Laura Dewis on learning from failure

Laura Dewis on learning from failure
Laura Dewis, Head of Digital and Content at the Pensions Regulator, checks in with us to share her advice for succeeding in the digital and content arenas

Laura Dewis, Head of Digital and Content at the Pensions Regulator, checks in with us to share her advice for succeeding in the digital and content arenas. Read on to learn more about the importance of patience, humility and having a robust content strategy. 


Why did you choose to pursue a role in digital and content? For example, has it always been your passion or was it pure happenstance? 

I wanted to be an investigative journalist: my heroes were John Pilger and Kate Adie. One of my early reports in a local newspaper was edited to be more attention-grabbing and became inaccurate in the process. Perhaps I was naïve, but it was the opposite of the reason I was drawn to journalism. That is when I learnt to code and started to publish my own blog in the days before WordPress. From there I was lucky enough to get ESRC funding to complete a Masters in Electronic Publishing (in the early 2000s when everything was called E-something!). This brought together computer scientists and journalists to learn each other’s trades. Throughout my career, I have always had a foot in both camps.


What personal skills or attributes do you think are most important in the digital and content sphere? Why these skills/attributes in particular? 

Patience, which I’m not known for! Even though it is a fast-paced industry, for those of us working in sectors that have had to adapt, you often have to work at the pace the organisation can manage. Humility is important. I’m happiest when I can talk with other specialists in my field, but as was said repeatedly at the brilliant Service Design in Government conference, “No one cares about your double diamond”. If you confuse people, you’ll lose them. And in terms of leadership, you have to care about the well-being of the people doing the work.


What sort of challenges do you face in your role? Is there a particular challenge that you experienced in the past that stood out?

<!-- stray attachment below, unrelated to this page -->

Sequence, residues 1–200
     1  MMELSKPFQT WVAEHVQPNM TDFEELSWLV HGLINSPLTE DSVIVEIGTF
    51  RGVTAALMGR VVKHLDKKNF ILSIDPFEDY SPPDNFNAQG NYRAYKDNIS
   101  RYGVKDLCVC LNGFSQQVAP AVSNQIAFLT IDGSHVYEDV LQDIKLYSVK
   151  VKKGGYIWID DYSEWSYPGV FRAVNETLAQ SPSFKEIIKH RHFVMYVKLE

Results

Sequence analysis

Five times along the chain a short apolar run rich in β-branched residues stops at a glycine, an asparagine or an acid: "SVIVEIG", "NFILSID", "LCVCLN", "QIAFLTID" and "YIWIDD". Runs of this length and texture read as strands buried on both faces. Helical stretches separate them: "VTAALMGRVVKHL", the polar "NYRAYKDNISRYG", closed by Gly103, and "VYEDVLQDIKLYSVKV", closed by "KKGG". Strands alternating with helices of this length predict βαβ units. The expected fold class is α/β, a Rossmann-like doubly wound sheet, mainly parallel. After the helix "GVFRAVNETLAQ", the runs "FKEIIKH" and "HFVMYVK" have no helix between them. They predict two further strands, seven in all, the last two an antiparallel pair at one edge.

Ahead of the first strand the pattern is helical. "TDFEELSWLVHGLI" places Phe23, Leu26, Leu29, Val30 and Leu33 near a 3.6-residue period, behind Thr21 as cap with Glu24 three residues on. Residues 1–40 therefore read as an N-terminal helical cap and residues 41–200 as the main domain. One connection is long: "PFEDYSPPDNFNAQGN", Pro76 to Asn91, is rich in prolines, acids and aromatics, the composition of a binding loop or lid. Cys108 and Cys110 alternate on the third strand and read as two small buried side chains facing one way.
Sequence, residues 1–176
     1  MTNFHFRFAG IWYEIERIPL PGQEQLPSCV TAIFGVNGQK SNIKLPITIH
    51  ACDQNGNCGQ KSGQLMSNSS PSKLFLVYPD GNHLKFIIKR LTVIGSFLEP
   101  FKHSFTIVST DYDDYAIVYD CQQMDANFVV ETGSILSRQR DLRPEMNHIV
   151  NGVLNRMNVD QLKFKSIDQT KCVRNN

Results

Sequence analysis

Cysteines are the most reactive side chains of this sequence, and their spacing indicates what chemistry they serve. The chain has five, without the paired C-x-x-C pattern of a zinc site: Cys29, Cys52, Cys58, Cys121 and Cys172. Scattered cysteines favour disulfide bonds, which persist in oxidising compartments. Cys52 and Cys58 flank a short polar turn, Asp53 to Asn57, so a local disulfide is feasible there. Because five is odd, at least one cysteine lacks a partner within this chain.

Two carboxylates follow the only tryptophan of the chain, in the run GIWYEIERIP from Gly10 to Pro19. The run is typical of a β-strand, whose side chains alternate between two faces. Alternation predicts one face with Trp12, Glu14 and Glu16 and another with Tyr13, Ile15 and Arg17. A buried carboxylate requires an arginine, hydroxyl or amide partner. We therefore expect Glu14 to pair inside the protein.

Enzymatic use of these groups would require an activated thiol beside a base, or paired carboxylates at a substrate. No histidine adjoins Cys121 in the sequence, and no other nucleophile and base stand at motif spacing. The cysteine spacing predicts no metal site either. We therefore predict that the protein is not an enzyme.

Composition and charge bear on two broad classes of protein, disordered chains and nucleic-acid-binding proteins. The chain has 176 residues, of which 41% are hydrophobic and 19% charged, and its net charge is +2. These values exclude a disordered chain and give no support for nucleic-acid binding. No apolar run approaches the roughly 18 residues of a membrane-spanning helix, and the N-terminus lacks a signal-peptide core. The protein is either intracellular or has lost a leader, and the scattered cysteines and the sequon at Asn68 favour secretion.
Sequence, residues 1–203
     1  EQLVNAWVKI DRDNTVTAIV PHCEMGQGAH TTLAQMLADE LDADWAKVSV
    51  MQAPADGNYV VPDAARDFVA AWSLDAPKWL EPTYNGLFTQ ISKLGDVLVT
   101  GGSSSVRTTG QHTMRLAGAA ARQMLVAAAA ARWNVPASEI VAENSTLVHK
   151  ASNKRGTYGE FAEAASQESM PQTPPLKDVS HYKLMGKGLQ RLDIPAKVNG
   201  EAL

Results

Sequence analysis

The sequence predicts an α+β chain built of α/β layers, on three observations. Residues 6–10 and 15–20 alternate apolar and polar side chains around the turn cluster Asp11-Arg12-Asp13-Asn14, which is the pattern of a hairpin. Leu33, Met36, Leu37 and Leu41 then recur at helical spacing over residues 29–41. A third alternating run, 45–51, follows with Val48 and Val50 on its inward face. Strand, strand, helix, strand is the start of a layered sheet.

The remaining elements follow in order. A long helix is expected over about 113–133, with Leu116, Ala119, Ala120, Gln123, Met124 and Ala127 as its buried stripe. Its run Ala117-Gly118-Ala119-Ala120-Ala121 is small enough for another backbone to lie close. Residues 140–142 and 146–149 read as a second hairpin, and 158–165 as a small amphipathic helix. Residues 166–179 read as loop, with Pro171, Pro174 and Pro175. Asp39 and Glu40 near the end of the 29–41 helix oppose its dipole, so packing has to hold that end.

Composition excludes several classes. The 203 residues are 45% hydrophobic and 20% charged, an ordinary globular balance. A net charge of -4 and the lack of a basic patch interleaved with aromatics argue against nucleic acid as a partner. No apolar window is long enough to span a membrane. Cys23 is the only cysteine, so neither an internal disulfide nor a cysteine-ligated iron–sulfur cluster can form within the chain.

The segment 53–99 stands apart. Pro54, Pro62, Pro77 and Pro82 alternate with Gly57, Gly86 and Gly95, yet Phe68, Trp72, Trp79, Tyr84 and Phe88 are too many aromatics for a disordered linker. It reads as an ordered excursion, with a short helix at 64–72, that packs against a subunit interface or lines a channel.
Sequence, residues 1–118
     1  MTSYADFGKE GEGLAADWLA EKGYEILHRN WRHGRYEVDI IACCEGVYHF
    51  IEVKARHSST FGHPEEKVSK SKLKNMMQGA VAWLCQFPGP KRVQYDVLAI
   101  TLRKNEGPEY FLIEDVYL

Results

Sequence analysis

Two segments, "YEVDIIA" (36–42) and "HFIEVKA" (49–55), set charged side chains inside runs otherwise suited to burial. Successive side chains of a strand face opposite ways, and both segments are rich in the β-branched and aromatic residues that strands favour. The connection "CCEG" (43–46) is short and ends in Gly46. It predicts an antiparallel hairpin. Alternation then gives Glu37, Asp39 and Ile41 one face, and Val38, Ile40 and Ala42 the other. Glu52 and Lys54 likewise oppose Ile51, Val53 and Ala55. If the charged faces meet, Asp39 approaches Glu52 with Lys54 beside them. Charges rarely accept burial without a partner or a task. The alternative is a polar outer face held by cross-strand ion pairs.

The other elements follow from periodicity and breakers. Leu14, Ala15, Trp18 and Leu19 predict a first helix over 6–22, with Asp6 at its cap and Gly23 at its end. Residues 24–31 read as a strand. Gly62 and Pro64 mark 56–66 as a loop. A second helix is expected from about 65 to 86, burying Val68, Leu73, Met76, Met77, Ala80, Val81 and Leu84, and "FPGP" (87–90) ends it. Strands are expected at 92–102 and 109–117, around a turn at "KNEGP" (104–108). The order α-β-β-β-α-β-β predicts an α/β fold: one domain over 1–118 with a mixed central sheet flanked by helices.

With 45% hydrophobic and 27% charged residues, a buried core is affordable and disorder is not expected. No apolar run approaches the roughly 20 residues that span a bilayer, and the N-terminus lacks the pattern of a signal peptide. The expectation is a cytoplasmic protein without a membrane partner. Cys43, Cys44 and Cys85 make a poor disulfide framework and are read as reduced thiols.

The organisations I’ve worked for have experimented with where ‘digital’ sits. I understand the challenge: the digital agenda is broad and needs experienced leadership. It’s inevitable that organisations spend time working it out. In a 5 year period, my team was moved three times from Analysis to Technology to Communications. It can help to build relationships and gain organisational knowledge when you move between different departments, but it is also a distraction and can be disruptive. Strong informal networks and a clear mission are more important to get the thing done. I’d like us to spend more time building those things in organisations.


What one thing would make your working life easier?

We’re working on it… we’re developing a training course in content design for people who aren’t content designers. While there are a lot of things that would make my working life easier – no failing legacy technologies, ability to recruit into vacancies, a regular lunch break – it is reducing the friction in the content development process that will make lots of people’s working lives easier.


How is the role of digital and content perceived in your organisation? 

Pensions have been around for over 100 years, much longer than digital. Regulation is our core business and where most of our staff have expertise. Digital and content are seen as an enabler to regulation, but the opportunities are not universally understood. I have a fantastic team who are changing that project by project – it is wonderful to have lawyers embracing pair writing, and policy professionals getting involved in user research. We’ve had a content strategy for around 2 years now, and that was co-designed by people in multiple professions, who understood that we need to make our content easier to use.


What do you think the secret of success is when working in digital and content? 

I’ll let you know when I find it. Maybe it's learning from failure! Of course, it is very helpful to work with experienced teams, who build confidence by delivering something tangible within weeks.


At React & Share, we’re obsessed with helping our clients measure and report their efforts - what measurements do you think digital and content teams should be presenting to internal stakeholders?

I think those set out by the Government Digital Service are a good place to start: cost per transaction; user satisfaction; completion rate and digital take-up. I’d go beyond internal stakeholders and publish those measurements. In terms of content, it often depends on what we’re trying to learn. We’re interested in how people find our content, what they are searching for, how long they spend engaging with it and whether their behaviour matches our expectation. We use that insight to help us decide whether we need to structure the content differently, re-write it, or provide some clearer instructions.


Looking into your crystal ball, what do you think will be the next big thing in digital and content? 

Having spent a large part of my career working with data, I’m interested in how we can apply metadata to content, so we can produce content more efficiently. If I could make it really easy for my team to maintain, re-use and personalise content, they would be able to spend more time using their creative skills. Structured content has been around a while, so it may not be in crystal ball territory, but it feels to me an underused solution that could solve a lot of problems.